You love her so much. That is completely clear. I am sorry that you had such terrible pressure; that shouldn't have happened. It is horrendously sad when patriarchal beliefs are used to justify things that have no real justification. You are her mother, then and always. She has another family, sure, but she is still your daughter. There is no erasing that.

I am sorry for your pain. You deserve none of it. I wish I could change things for you, and I hope one day she will once again be integrated into your family and life, and can accept the love that you give so generously.

I can see how this loss is so similar to death, only worse, perhaps. She is still there; close, but not reachable. Damage is done. But I know you are strong in your beliefs, and in that I have hope that things will change for the both of you.

Theodore said...

I was a bit dissapointed to learn that the end of the public status of LtMsFF did not involve a stage of "reunion", just a stage of so called "healing", which is very a good thing in itself too and something to be glad about. Thank you very much for explaining that.

Yes, you did get a very unfair deal.

But let me assure you there is nothing wrong with your eyebrows in that picture at all...

Teddy, who has to say a lot more, but has promised not to bother you too much before April.

Sara said...

and without you ... well, she wouldn't BE.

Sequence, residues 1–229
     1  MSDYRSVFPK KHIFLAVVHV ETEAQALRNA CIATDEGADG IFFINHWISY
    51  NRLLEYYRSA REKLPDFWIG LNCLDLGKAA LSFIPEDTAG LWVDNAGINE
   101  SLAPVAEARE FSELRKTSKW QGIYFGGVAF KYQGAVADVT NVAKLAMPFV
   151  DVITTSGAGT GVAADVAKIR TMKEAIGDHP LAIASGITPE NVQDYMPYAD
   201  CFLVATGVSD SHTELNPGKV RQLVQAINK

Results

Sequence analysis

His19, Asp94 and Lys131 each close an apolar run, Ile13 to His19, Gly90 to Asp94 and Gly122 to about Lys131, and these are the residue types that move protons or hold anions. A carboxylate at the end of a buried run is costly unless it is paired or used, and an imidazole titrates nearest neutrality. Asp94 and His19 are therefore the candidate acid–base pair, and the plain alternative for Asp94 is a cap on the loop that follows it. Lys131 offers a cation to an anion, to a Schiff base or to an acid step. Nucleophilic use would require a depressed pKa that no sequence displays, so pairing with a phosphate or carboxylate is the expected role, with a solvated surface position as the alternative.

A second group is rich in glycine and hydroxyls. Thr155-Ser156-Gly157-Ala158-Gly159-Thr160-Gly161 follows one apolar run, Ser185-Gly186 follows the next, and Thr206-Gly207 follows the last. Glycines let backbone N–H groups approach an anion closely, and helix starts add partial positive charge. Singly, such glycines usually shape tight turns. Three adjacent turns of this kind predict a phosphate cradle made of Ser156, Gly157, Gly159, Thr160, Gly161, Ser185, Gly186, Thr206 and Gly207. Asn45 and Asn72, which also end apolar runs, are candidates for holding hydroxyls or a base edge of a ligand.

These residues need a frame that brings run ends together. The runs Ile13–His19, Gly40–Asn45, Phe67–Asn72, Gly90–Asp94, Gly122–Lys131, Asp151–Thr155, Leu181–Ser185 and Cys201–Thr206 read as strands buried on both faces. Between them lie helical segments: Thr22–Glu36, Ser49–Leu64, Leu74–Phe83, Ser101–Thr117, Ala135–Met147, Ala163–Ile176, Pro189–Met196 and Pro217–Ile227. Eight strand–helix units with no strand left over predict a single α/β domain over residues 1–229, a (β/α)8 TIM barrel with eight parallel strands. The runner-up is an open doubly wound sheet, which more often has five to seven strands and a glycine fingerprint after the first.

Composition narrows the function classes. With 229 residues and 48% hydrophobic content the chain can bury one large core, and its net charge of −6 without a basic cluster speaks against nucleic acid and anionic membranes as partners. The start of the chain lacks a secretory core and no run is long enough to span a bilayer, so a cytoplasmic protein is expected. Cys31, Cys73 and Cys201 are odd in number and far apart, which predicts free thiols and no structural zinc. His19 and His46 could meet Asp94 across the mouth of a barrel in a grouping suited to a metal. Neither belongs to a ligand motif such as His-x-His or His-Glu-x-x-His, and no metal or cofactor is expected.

You're allowed hurt, anger, sadness, frustration - grief is like that and dangit, it doesn't go away because you've checked all the boxes for the stages, done them in order, done them again, gone back for a do-over on that stage (again). Grief is like pictures from the past, always there.
And frankly, you're not cowed NOW.

Marisa said...

It makes me sad that anyone ever guilted you into believing that you were not enough for you daughter.

Even though I was only in Jr. High, if I were your caseworker I would have told you you have every right to parent your child. God gave you stewardship over this child and he trusts you to give her what she needs. I wish I could have been there to fight for you and your daughter. As her mother you had the right to determine her and yours future without coercion or guilt. Frankly, what was done to you was spiritual abuse. No one should use your religion against you to make a choice that feels unnatural to your very being.

I'm so glad I know you.

sostinkinhappy said...

Thank you all for you kind words. Back at the beginning of this journey, I thought it wouldn't hurt as bad all these years later. That's what the professionals told me- I would heal and move on. However, I have realized that losing a child to adoption is much like having someone go missing in action during a war. There is never any real resolution and the sorrow seems to compound throughout the years, *especially* as the myths surrounding adoption start to come unraveled as we parent other children through harder situations than the one we were in.

I wish I could have been the fierce warrior mama I am now for her back then. I *thought* that's what I was doing. Hopefully it counts for something, right?

Amy said...

I still remember that night and have cried over it a few times. I wish I could have been a better shoulder and strength for you. I sure do love you. ANd when she's old enough, you'll get to tell her yourself what you went through. She's a smart girl and will come to get to know you and learn from you. Let me know if you ever want to talk about it.

love you,
amy

sostinkinhappy said...

Thanks, Amy. I just wish I knew then what I knew now but isn't that the story of all of us?